Recommended Reading


The 36-Hour Day: A Family Guide to Caring for People Who Have Alzheimer Disease, Related Dementias, and Memory Loss

JOURNEY THROUGH THE INFINITE MIND: The Science and Spirituality of Dementia By Katya De Luisa  

See our article series about this book.

Elder Care Assistance: A Practical Guide Covering Health, Financial and Legal Considerations

Surviving Alzheimer’s: Practical tips and soul-saving wisdom for caregivers


The Reason I Jump: The Inner Voice of a Thirteen-Year-Old Boy with Autism

Book — Written by Naoki Higashida, a very smart, very self-aware, and very charming thirteen-year-old boy with autism, it is a one-of-a-kind memoir that demonstrates how an autistic mind thinks, feels, perceives, and responds in ways few of us can imagine. Parents and family members who never thought they could get inside the head of their autistic loved one at last have a way to break through to the curious, subtle, and complex life within.

Using a “letter board,” sometimes called and “alphabet grid” or a “character grid” to painstakingly construct words, sentences, and thoughts that he is unable to speak out loud because he is “nonverbal,”Naoki answers even the most delicate questions that people want to know. Questions such as: “Why do people with autism talk so loudly and weirdly?” “Why do you line up your toy cars and blocks?” “Why don’t you make eye contact when you’re talking?” and “What’s the reason you jump?” (Naoki’s answer: “When I’m jumping, it’s as if my feelings are going upward to the sky.”) With disarming honesty and a generous heart, Naoki shares his unique point of view on not only autism but life itself. His insights—into the mystery of words, the wonders of laughter, and the elusiveness of memory—are so startling, so strange, and so powerful that you will never look at the world the same way again.

In his introduction, bestselling novelist David Mitchell writes that Naoki’s words allowed him to feel, for the first time, as if his own autistic child was explaining what was happening in his mind. “It is no exaggeration to say that The Reason I Jump allowed me to round a corner in our relationship.” This translation was a labor of love by David and his wife, KA Yoshida, so they’d be able to share that feeling with friends, the wider autism community, and beyond. Naoki’s book, in its beauty, truthfulness, and simplicity, is a gift to be shared.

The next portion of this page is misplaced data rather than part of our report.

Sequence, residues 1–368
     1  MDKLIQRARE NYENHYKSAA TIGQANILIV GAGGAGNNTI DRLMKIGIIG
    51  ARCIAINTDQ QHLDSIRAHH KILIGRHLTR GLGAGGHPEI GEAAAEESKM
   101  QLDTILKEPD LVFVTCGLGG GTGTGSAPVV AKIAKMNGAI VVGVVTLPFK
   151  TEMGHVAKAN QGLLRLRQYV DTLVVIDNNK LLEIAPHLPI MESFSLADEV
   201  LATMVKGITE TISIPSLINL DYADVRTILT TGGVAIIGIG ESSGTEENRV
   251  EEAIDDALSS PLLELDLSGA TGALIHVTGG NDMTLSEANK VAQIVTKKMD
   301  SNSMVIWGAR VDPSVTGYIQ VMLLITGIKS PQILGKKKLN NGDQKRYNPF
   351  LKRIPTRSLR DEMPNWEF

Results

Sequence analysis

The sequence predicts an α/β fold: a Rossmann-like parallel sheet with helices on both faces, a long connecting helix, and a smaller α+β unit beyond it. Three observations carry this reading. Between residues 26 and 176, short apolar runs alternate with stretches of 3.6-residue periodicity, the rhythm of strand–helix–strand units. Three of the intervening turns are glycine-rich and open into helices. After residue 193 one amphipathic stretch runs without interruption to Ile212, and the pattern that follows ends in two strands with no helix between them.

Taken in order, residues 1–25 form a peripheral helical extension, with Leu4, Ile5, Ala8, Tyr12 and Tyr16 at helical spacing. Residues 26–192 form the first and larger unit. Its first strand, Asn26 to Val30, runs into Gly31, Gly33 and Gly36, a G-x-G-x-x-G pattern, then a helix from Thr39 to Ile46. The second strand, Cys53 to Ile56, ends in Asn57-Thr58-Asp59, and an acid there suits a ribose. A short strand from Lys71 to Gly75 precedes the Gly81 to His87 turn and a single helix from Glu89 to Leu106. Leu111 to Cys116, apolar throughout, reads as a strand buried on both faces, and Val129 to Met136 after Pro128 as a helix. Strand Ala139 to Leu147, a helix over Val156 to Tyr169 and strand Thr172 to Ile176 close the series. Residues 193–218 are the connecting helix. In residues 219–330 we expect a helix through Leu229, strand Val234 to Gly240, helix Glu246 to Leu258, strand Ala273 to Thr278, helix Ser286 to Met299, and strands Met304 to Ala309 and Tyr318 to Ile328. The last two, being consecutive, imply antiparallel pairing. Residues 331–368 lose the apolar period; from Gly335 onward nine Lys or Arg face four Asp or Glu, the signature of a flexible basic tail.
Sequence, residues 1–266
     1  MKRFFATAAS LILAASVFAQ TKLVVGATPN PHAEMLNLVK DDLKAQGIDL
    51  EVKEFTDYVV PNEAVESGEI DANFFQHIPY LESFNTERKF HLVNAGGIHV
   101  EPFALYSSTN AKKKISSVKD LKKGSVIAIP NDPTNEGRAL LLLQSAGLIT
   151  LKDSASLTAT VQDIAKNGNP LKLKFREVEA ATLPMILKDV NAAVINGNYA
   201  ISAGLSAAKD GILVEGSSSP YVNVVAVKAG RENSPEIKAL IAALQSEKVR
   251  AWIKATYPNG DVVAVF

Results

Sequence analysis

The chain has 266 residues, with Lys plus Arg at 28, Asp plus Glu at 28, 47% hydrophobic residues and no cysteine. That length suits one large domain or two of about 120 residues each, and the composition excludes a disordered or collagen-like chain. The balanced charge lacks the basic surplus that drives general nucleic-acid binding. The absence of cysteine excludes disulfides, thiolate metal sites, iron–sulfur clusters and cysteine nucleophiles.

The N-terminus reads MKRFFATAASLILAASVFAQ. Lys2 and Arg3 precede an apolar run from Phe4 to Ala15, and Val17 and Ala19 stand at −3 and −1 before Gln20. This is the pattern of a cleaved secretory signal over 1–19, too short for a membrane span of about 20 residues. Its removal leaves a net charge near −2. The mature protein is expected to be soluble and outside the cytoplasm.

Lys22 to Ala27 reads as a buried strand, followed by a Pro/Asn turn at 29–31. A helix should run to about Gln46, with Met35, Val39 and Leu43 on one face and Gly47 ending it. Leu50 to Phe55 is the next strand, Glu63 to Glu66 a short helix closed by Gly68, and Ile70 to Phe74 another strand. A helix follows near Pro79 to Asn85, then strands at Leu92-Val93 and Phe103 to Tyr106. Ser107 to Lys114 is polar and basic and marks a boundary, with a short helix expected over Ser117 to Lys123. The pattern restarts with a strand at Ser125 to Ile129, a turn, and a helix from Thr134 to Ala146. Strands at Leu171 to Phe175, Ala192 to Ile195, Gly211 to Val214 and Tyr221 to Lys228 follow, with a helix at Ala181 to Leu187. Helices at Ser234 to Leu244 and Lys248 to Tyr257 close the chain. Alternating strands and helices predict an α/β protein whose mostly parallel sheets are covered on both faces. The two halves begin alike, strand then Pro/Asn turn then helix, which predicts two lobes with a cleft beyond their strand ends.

The Reason I Jump movie, based the book. Filmmaker Jerry Rothwell examines the lives of five non-speaking (though very able to communicate through letter boards) young people who live with autism spectrum disorder, blending their stories with writer Naoki Higashida’s insights into autism.

Carly’s Voice: Breaking Through Autism.

In this international bestseller, father and advocate for Autism awareness Arthur Fleischmann blends his daughter Carly’s own words (“spoken“ through a letter board) with his story of getting to know his remarkable “non-speaking” daughter — after years of believing that she was unable to understand or communicate with him.


Nobody Nowhere is eloquent and ticklishly funny: it is an account of the soul of someone who lived the word ‘autism’ and survived in an unsympathetic environment despite intense inner chaos and incomprehension. It describes how, against the odds, Donna came to live independently, achieve a place at university, and write this remarkable autobiography. It is now an international bestseller, sold in over 14 languages throughout the world. This is a book that will stay with you as one of the most exceptional works you will ever read.

Ghost Boy: The Miraculous Escape of a Misdiagnosed Boy Trapped Inside His Own Body


List of Readings for After a Loved One Has Died

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